South Africa's neutral stance criticised after joint Chinese-Russian military announcement

South Africa's neutral stance criticised after joint Chinese-Russian military announcement
Credit: Belga

The EU High Representative for Foreign Affairs Josep Borrell paid a visit to his South African counterpart, Naledi Pandor, at the end of January for the 15th session of the Ministerial Political Dialogue. During the trip, Borrell asked South Africa to use its "good relations with Russia" to convince it to end its attack on Ukraine.

The discussions during Borrell's visit focused on political and security cooperation on the African continent, multilateral cooperation, trade and economic relations, energy and health. And the war in Ukraine.

Since Russia's offensive into Ukraine, South Africa has been missing from the chorus of voices condemning it. The closest the African country came to calling out Russia was in a statement in which it "regretted" the escalation of tensions and called for peaceful dialogue.

The stance of South Africa was reaffirmed when Pandor responded to a journalist's question on whether she had repeated the call for Russia to withdraw its troops from Ukraine, which was made in February 2022, to Lavrov during his visit – a few days before Borrell's visit. Pandor responded that doing so would be "simplistic and infantile" considering how Ukraine has been supported by NATO countries over the last 11 months.

"Multilateral maritime exercise"

After nearly a year of standing on the back of a neutral policy on the Russian invasion of Ukraine, South Africa has made a decision that has provoked internal and external criticism.

The South African military released this statement: "South Africa will host the Chinese and Russian Federation navies in a multilateral maritime exercise between February 17 and 27." The naval exercise will be called Mosi II and will be held off the coast of the province of KwaZulu-Natal. "Mosi" means "smoke" in Setswana, one of South Africa's eleven official languages.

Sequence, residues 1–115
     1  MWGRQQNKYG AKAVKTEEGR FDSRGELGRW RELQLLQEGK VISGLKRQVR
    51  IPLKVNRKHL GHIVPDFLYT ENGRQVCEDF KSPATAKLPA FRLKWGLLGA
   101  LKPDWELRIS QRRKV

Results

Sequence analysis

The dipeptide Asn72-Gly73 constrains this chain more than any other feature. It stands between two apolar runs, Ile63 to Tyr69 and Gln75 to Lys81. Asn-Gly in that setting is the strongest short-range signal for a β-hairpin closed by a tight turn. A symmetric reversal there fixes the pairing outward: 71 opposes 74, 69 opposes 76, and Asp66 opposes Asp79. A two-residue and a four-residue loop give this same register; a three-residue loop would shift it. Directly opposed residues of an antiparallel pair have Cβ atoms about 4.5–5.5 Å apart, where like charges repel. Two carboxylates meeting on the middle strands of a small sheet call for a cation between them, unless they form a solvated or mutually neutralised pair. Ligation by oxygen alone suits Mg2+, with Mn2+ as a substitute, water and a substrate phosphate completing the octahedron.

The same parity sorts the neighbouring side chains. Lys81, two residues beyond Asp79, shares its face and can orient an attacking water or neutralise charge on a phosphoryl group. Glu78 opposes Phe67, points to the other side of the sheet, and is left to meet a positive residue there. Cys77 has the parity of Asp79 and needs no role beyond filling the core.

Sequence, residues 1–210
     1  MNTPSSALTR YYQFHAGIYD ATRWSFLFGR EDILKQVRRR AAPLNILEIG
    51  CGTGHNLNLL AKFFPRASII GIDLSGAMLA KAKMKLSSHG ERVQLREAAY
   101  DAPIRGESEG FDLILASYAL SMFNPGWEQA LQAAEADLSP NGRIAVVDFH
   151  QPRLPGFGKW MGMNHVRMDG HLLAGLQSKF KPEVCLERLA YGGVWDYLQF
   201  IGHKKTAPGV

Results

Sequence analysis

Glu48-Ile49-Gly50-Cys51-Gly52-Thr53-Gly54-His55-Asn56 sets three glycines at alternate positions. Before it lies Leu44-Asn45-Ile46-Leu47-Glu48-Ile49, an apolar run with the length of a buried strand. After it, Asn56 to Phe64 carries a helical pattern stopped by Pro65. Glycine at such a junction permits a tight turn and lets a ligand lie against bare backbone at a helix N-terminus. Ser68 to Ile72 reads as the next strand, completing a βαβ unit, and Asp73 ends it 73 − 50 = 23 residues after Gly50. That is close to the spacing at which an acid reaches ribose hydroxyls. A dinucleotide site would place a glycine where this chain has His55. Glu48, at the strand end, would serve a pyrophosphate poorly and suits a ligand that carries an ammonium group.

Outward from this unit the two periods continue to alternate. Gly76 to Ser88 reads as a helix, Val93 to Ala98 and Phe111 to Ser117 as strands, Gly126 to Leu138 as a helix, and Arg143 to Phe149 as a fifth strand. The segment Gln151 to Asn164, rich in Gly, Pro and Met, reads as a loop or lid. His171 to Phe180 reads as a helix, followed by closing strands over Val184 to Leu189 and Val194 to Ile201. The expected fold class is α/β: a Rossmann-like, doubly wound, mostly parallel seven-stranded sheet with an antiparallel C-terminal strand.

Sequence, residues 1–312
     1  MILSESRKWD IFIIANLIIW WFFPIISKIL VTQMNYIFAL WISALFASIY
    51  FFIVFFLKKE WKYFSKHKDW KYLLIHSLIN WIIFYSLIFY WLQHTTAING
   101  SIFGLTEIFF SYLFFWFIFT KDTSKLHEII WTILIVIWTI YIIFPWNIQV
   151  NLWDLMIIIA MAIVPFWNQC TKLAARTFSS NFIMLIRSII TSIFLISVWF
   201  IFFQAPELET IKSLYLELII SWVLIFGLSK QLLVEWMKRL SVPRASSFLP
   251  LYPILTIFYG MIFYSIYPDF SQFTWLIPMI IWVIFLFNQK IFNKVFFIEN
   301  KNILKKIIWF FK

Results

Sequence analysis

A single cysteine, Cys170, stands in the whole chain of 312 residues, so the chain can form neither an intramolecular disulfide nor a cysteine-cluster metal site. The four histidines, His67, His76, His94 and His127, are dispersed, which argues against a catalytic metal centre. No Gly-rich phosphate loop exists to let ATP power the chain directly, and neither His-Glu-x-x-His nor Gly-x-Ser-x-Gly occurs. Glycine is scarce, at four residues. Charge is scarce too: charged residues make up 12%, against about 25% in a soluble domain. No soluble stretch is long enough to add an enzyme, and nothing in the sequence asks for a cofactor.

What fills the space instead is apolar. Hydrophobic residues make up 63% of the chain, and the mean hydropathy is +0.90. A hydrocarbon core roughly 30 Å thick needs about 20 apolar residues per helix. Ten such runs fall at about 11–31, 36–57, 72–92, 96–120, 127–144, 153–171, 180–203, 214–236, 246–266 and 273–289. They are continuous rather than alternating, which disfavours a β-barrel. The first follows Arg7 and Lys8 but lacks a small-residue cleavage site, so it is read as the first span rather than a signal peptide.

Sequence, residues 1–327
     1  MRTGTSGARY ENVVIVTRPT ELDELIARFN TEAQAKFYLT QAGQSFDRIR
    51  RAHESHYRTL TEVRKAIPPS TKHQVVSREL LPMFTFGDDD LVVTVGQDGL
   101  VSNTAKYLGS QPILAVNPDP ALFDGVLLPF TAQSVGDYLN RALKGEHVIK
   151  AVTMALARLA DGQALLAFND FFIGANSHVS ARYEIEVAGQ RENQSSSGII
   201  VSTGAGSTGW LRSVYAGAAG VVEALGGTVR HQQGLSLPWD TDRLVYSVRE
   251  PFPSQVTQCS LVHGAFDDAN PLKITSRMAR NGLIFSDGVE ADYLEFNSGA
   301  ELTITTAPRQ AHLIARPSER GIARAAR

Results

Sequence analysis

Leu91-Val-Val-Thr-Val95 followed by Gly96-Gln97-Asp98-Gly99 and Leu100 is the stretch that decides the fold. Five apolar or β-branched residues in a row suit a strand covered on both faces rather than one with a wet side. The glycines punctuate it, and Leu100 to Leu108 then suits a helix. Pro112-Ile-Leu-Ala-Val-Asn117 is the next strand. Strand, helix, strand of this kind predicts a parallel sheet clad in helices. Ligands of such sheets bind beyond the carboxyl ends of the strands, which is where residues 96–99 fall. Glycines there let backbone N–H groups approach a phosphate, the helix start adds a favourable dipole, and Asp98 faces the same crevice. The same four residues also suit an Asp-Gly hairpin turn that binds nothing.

Apart from the fact that Russia is in the middle of a full-scale invasion of a sovereign country, Mosi II will coincide with the one-year anniversary of Russia's invasion of Ukraine. For many critics, this shatters the idea of neutrality held by South Africa until now.

Lavrov defended the exercises stating that they are not unheard of, with the US conducting them throughout their 200 bases around the world, and more. While he has a point, the timing of these specific exercises is too coincidental not to draw attention.

Historical ties and non-alignment

Understanding South Africa's position would require taking a step back and seeing a bigger picture. Most visibly, South Africa and Russia are two of the countries in the BRICS group: which also consists of Brazil, India and China.

Additionally, South Africans remember Moscow's support of the Liberation Movement in the days of Apartheid. However, the support came from the Soviet Union, of which Ukraine was still a part. Lastly, South Africa has historically held a non-alignment position in foreign policy and with the war in Ukraine seeming like a broader geopolitical conflict between big powers, its history of non-alignment would indicate that it will keep that stance.

"We have always respected South Africa’s traditional non-aligned stance in foreign policy," said Borrell during his visit. "The European Union doesn’t ask Africa to choose sides. We are just asking all the countries in the world to stand on the side of the United Nations Charter. Nothing more. But nothing less."

Pandor, however, in effect declined the invitation for South Africa to join the discussion by saying: "It is not just South Africa or other African countries who should play a role in seeking peace. It is all of us who must work together to seek to arrive at a negotiated outcome that addresses the concerns of all the parties involved."

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